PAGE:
First, the printing press revolutionised the way information was shared. Then there was the photocopier that made cheap mass production of information available to all. In the 1970s, Punk embraced this potential as bands plugged their gigs with hand-drawn flyers and a range of homemade Punk Rock magazines (most famously Sniffin’ Glue with its writers like Danny Baker and “Here are three chords, now go form a band” advice) suddenly appeared.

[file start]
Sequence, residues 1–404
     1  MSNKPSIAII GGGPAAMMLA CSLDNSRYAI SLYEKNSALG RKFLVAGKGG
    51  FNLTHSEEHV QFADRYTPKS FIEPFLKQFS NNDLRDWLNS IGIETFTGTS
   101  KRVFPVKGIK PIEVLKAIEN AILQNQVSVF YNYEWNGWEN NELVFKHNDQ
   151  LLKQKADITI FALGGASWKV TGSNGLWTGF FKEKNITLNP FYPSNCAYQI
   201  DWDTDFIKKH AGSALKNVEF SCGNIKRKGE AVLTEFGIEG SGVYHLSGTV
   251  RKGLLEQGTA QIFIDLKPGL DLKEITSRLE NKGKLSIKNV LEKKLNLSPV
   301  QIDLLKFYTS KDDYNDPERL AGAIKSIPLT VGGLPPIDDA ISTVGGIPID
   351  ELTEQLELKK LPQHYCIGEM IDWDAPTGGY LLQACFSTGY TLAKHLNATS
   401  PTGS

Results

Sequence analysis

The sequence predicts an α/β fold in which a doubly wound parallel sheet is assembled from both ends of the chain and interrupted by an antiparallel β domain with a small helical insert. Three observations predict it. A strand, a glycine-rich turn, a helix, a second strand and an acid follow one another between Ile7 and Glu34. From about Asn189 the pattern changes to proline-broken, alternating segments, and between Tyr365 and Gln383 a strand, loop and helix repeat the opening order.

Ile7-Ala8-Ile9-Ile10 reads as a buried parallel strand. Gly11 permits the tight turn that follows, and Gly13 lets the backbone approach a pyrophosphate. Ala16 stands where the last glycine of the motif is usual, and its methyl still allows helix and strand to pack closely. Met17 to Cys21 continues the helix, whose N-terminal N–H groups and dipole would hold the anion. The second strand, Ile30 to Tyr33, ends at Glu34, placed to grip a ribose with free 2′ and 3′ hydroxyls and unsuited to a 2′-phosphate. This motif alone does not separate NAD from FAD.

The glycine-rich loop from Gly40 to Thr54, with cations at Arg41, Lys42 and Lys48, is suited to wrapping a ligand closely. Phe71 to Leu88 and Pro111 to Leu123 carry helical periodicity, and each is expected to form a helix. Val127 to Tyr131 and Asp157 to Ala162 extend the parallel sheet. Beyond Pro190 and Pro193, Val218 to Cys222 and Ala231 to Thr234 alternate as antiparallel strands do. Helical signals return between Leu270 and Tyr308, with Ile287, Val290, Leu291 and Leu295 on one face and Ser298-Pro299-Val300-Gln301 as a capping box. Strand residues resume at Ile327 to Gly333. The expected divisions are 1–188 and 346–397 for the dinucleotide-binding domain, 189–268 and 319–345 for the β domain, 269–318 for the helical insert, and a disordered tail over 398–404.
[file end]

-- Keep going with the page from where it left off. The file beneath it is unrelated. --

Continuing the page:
Inspired by such, I spent a good part of the 1980s writing stories and drawing comic books I photocopied and gave away free to bookstores, clubs and anyone who was interested–which was usually never as many as I thought. Though it wasn’t about being famous or getting noticed, it was about being inclusive and sharing work and ideas–and undoubtedly for some creating an alternative view to the glossy, yuppie, colour-supplement world of Margaret Thatcher’s Britain–though a fat lot of good it did.
It was Dada for the masses and there was a great passion and joy to all this homemade creativity, which can be seen in this selection of D.I.Y. punk posters and flyers from America during the 1980s.